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I wrote some services for creating dbs, copying some records among dbs or tables etc, so many db operations. But im dealing with memory problems. One of them:

Im getting records with store procedures and filling in entity lists;

    public List<FpBatteryEntity> LoadFPBattery()
    {
        List<FpBatteryEntity> retVal = new List<FpBatteryEntity>();

        DataSet dataSet = _dataAccessProvider.ExecuteSPDataSet("sp_fp_battery", null);
        if (dataSet != null && dataSet.HasData())
        {
            DataTable requestsTable = dataSet.Tables[0];
            if (requestsTable != null && requestsTable.HasData())
            {
                foreach (DataRow row in requestsTable.Rows)
                {
                    FpBatteryEntity entity = new FpBatteryEntity()
                    {
                        Faceplate = row["tf_faceplate"],
                        Battery = row["tf_battery"]
                    };
                    retVal.Add(entity);
                }
            }
        }
        return retVal;
    }

Then for each entity in list, executing a new sp;

    public bool LoadFPBattery(List<FpBatteryEntity> entityList)
    {
        foreach (var entity in entityList)
        {
            DBParameterCollection parameters = new DBParameterCollection
            {
                new DBParameter("@faceplate", SqlDbType.VarChar, entity.Faceplate),
                new DBParameter("@battery", SqlDbType.VarChar, entity.Battery)
            };

            _dataAccessProvider.ExecuteSPNonQuery("sp_ins_fp_battery", parameters);
        }

        return true;
    }

Unfortunately, I have more than 30 operations like that and also some of them are processing thousands of records.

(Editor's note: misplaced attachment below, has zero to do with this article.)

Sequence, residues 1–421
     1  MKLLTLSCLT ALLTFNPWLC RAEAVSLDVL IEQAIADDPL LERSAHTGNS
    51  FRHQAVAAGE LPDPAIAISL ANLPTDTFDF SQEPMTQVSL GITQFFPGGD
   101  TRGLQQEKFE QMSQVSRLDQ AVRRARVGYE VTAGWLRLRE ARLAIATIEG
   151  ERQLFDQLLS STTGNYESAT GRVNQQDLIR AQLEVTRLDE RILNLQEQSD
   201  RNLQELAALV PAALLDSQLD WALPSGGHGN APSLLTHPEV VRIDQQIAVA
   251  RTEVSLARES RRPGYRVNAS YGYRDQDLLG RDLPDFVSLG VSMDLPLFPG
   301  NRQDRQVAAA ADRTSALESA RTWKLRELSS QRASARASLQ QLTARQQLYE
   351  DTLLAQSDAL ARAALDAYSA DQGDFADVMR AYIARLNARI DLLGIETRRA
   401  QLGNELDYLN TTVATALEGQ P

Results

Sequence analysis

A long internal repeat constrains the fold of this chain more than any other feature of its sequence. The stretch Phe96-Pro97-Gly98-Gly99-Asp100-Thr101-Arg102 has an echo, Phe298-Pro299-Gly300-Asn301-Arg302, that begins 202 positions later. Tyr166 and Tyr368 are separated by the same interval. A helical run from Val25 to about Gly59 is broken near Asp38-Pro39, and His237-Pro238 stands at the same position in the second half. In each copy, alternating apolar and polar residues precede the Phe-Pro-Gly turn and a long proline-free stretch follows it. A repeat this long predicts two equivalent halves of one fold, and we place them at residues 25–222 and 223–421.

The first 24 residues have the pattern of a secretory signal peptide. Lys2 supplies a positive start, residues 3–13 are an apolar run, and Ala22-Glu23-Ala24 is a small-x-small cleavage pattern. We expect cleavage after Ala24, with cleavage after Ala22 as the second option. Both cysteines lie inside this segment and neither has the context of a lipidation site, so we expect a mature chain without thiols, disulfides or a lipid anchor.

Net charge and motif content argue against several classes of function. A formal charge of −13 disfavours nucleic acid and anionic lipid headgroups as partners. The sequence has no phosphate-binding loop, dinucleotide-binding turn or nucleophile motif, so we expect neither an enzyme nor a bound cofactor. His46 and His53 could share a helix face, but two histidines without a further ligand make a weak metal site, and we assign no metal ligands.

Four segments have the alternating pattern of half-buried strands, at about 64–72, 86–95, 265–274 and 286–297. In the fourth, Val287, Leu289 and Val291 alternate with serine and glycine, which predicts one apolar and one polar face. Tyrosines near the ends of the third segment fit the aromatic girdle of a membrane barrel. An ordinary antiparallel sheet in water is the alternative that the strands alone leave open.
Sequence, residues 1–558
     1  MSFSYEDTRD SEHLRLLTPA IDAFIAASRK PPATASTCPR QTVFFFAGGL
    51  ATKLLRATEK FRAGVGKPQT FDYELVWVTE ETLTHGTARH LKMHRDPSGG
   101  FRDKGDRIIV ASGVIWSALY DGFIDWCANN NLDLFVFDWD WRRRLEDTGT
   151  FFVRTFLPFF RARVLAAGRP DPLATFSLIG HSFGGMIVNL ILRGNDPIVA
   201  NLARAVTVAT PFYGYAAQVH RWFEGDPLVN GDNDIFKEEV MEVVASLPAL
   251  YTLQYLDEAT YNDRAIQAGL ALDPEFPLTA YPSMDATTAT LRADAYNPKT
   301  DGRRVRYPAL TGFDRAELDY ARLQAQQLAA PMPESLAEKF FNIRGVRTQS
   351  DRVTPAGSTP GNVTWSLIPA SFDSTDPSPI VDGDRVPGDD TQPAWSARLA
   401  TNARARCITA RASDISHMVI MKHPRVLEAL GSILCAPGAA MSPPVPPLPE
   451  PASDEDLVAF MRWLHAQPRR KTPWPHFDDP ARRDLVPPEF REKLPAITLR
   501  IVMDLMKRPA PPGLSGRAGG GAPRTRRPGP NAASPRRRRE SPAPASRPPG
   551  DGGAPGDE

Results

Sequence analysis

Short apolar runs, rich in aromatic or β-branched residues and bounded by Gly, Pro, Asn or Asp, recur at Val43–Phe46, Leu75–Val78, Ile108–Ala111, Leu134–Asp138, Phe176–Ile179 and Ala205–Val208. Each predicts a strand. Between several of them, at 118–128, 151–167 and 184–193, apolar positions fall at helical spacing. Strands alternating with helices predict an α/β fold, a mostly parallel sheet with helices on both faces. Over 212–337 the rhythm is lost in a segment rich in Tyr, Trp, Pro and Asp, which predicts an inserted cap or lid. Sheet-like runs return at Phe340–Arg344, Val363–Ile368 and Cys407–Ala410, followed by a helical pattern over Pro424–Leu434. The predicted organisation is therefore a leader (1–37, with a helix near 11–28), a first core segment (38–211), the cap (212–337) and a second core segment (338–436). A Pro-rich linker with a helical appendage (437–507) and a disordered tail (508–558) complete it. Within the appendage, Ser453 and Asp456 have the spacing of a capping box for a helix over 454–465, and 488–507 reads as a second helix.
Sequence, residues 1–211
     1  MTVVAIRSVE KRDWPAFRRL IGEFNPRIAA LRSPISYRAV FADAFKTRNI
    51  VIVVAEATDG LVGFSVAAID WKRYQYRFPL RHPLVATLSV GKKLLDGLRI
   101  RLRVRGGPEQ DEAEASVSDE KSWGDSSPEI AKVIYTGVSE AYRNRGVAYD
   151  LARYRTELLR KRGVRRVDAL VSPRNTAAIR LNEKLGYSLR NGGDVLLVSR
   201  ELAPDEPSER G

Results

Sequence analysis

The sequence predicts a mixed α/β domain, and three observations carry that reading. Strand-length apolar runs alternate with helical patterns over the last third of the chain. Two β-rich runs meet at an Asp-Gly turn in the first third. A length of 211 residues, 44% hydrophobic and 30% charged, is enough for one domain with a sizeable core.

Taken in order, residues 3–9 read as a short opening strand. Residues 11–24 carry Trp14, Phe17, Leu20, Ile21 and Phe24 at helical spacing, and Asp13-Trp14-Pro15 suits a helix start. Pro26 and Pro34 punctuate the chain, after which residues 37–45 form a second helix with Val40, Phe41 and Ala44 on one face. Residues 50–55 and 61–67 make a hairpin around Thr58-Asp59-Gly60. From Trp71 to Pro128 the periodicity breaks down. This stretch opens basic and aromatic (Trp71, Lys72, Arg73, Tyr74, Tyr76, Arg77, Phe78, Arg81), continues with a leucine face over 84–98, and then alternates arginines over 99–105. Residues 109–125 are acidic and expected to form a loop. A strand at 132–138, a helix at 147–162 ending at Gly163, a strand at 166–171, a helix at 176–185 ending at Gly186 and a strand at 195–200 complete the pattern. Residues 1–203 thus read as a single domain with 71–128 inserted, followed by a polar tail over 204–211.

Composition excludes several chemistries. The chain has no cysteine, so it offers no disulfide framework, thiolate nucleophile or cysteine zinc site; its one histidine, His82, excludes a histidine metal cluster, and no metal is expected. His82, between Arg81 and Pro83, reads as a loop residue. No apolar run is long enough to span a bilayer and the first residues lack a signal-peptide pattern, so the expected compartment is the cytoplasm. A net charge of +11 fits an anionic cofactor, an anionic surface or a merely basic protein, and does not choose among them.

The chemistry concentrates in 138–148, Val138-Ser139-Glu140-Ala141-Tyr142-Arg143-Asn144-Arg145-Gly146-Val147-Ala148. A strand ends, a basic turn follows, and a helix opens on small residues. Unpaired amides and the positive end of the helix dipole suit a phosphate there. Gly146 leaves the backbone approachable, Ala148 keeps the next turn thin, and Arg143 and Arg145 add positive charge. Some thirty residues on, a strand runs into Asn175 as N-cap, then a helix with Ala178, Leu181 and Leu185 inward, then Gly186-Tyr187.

Calling steps like that;

        .....

        List<MapColorEntity> mapColor = _dbRepository.LoadMapColor(marketId);
        if (!_otherDbRepository.LoadMapColor(mapColor))
            return false;

        List<AttributesEntity> attributes = _dbRepository.LoadOptionAttrib(marketId);
        if (!_otherDbRepository.LoadOptionAttrib(OptionAttributes))
            return false;

        List<FpBatteryEntity> fpBattery = _dbRepository.LoadFPBattery();
        if (!_otherDbRepository.DelFPBattery())
            return false;
        if (!_otherDbRepository.LoadFPBattery(fpBattery))
            return false;

        .....

After 5-6 step operations are corrupting with "Out of Memory" error. I have to make these all operations step by step. Just wondering that if you have a suggestion to make these operations more fruitful and smooth. How can i solve this memory problem? What happens in back?

Usages;

Windows 7 Operating System, 3Gb Usable Ram, Sybase ASE, Odbc Driver

share|improve this question
1  
Do you actually need to load every single row from every single one of those queries into memory at once? Can you not stream the results so that you're only holding a fraction of them in memory at one time? Also, don't use one DB context for your entire application; make a new one for each transaction you make; it will help lower your memory footprint. – Servy May 6 '13 at 13:57
    
@servy, streaming results maybe serves the purpose, I'll try it. But my code will be more complicated, will not? – htcdmrl May 7 '13 at 10:43
    
Not dramatically, depending on what you're doing. Use IEnumerable rather than List and turn the methods into iterator blocks (which honestly simplifies them, not complicates them). – Servy May 7 '13 at 13:54
up vote 1 down vote accepted

I would suggest using a DataReader instead of a DataTable. It looks like the way you're doing this there will be two copies of your data in memory.

share|improve this answer
    
thanks fr res, maybe DataReader will solve my problem but I have to use a dll that gives me "_dataAccessProvider.ExecuteSPDataSet". I dont know why but none of dll methods returns with DataReader :( Maybe I have more usable Ram than 3gb, above code will be executed correctly. I think the person that wrote the dll, have unlimited ram or anything else :) Do you have any different idea? makes me functional – htcdmrl May 7 '13 at 10:35
    
You could possibly remove the record from the DataTable once you've read it. – Seth Moore May 7 '13 at 19:26

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